• St. Peter Cathedral, Erie (Significant edifice)
  • St. Stanislaus, Erie (Polish origins)
  • St. Mary, St. Marys (Bavarian German origins, over 150 years old)

There are 120 parishes in the Erie diocese today, encompassing 151 churches.[1]

Administrative offices[edit]

The diocesan offices are located at St. Mark Catholic Center in Erie, Pennsylvania.[5]

Bishops[edit]

Below are the bishops of the diocese and their tours of service:

Ordinaries[edit]

  1. Michael O'Connor (1853–1854) [3]
  2. Joshua Maria Young (1854–1866) [4]
  3. Tobias Mullen (1868–1899) [5]
  4. John Edmund Fitzmaurice (1899–1920) [6]
  5. John Mark Gannon (1920–1966) [7] [6]
  6. John Francis Whealon (1966–1968) [8]
  7. Alfred Michael Watson (1969–1982) [9]
  8. Michael Joseph Murphy (1982–1990) [10]
  9. Donald Walter Trautman (1990–2012) [11]
  10. Lawrence Thomas Persico (2012–present) [12]

Auxiliary Bishops[edit]

Religious institutes[edit]

St. Stanislaus is a Polish Catholic parish in Erie, Pennsylvania

Charities[edit]

Erie Diocese has many charities throughout all of the parishes. There are 9 main charities within the diocese. Better Homes for Erie, Christ the King Manor, Foreign Missions, Harborcreek Youth Services, Donate to Mission of Friendship, Parish Care and Concern, Prince of Peace Center, Refugee Ministry, St. Martin Center [7]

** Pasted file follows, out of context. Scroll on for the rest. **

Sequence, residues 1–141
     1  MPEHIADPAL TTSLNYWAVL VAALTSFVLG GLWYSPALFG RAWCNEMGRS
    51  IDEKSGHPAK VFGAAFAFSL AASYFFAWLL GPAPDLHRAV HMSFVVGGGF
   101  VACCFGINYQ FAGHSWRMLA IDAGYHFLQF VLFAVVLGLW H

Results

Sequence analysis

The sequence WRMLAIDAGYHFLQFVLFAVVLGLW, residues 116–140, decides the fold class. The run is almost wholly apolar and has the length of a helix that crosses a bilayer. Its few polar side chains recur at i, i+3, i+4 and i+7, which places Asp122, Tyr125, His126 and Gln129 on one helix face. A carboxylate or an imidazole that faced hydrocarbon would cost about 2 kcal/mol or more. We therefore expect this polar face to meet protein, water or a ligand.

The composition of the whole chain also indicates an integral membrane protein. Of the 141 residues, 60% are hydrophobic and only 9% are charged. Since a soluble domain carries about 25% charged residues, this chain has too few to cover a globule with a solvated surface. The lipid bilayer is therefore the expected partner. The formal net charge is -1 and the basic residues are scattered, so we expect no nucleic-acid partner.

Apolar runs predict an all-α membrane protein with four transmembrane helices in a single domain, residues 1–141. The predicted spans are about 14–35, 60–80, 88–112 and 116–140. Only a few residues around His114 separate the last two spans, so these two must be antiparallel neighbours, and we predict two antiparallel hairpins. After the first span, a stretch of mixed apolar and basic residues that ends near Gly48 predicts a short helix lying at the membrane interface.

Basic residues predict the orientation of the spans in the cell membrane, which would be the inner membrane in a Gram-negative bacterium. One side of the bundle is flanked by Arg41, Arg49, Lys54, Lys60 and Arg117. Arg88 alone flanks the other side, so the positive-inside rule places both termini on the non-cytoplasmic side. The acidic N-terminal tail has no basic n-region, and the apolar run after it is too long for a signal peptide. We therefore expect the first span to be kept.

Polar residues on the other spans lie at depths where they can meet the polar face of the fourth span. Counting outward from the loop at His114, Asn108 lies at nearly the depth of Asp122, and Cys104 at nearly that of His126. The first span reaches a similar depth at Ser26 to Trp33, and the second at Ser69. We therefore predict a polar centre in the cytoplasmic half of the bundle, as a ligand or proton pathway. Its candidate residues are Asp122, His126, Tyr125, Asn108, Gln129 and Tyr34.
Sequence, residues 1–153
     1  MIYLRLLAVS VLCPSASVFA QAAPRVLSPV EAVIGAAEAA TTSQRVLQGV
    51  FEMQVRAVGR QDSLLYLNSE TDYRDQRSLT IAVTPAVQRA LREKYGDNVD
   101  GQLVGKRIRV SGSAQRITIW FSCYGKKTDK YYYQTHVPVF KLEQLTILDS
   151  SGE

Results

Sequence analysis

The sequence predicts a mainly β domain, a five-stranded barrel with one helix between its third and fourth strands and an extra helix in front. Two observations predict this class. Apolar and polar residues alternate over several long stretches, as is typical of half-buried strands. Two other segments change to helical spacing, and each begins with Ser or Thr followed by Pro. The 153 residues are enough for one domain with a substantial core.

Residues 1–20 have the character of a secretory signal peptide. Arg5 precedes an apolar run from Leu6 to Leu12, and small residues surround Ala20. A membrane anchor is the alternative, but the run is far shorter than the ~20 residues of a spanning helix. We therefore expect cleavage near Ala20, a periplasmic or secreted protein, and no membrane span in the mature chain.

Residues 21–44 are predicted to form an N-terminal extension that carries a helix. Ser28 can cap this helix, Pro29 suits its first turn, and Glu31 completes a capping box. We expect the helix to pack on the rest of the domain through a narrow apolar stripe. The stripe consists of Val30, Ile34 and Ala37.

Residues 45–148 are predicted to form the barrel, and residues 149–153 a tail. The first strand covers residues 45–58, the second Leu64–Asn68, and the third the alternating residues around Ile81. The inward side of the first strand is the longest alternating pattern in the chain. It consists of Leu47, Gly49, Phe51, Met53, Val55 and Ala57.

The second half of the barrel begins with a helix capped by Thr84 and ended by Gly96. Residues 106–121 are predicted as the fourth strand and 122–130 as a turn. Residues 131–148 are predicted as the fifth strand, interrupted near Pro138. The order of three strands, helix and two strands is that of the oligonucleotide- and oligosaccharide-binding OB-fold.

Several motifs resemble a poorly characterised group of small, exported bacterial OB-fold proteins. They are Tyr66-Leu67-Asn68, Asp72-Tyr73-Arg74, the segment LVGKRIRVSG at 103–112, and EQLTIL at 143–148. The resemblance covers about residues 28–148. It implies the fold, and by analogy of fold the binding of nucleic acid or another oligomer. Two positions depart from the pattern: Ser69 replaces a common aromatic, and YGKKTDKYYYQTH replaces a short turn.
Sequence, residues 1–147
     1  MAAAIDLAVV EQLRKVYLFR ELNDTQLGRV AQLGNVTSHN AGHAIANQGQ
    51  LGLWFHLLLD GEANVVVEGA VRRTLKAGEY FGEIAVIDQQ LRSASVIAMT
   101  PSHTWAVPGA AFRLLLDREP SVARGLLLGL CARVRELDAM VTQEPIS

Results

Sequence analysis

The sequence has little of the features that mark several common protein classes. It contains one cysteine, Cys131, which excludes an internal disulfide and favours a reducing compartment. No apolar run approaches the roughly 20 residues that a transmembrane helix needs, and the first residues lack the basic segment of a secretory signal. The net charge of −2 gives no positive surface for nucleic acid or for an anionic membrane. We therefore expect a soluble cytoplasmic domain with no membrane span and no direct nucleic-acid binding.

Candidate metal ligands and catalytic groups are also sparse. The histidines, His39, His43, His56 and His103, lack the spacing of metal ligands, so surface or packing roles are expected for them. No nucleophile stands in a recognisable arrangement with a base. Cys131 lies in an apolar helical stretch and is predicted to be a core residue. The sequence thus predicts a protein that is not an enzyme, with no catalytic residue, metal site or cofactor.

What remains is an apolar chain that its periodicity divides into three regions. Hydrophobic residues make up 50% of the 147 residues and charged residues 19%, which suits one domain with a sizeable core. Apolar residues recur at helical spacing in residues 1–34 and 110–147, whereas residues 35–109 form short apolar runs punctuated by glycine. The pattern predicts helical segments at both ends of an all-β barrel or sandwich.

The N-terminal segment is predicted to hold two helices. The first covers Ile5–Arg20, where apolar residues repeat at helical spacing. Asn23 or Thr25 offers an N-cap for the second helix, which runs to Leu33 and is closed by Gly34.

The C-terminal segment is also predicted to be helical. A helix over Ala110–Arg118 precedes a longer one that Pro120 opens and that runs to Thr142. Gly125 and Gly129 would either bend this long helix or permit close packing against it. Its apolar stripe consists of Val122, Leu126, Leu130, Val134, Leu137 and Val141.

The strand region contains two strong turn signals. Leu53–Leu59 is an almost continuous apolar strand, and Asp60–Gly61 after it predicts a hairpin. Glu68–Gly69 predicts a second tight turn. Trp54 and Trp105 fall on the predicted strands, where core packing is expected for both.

Schooling[edit]

Elementary and Middle Schools[edit]

Having Catholic schools allows the best way to pass on the Catholic religion through generations. They teach their students the most important values of ever lasting peace and happiness. The focus on teaching the spiritual and secular dimensions of their lives. The schools allow their student to have a place of belonging in a global community. They focus on service within and outside of the school commutnity. The diocese has 33 elementary schools and 2 middle schools.[8]

High schools[edit]

Cemeteries[edit]

  • Calvary Cemetery and Mausoleum, 3325 West Lake Road, Erie
  • Gate of Heaven Cemetery and Mausoleum, 5711 West Lake Road, Erie
  • Mary, Queen of Peace Cemetery and Mausoleum, 6000 Lake Pleasant Road, Erie
  • Trinity Cemetery 2971 West Lake Road, Erie

See also Erie Diocesan Cemeteries

References[edit]

  1. ^ a b "Facts about the Erie Diocese." Faith Magazine CSA 2010: 3.
  2. ^ "Map of the Diocese". Erie Roman Catholic Diocese. Retrieved 2007-05-09. 
  3. ^ Establishment dates for parishes will vary among sources: some use the arrival date of the first Catholic settlers; others use the date of the congregation's formation, the date of church building dedications, or the arrival date of the first resident priest.
  4. ^ St. Nicholas of Tolentino Church Sesquicentennial Jubilee Commemorative Book, 1978
  5. ^ "About the Diocese". Erie Roman Catholic Diocese. Retrieved 2007-05-09. 
  6. ^ Named archbishop in 1953 [1]; Gannon University named for Bishop Gannon in 1944 [2]
  7. ^ "Giving". Erie Roman Catholic Diocese. 
  8. ^ "Catholic Schools office". Erie Roman Catholic Diocese. 

External links[edit]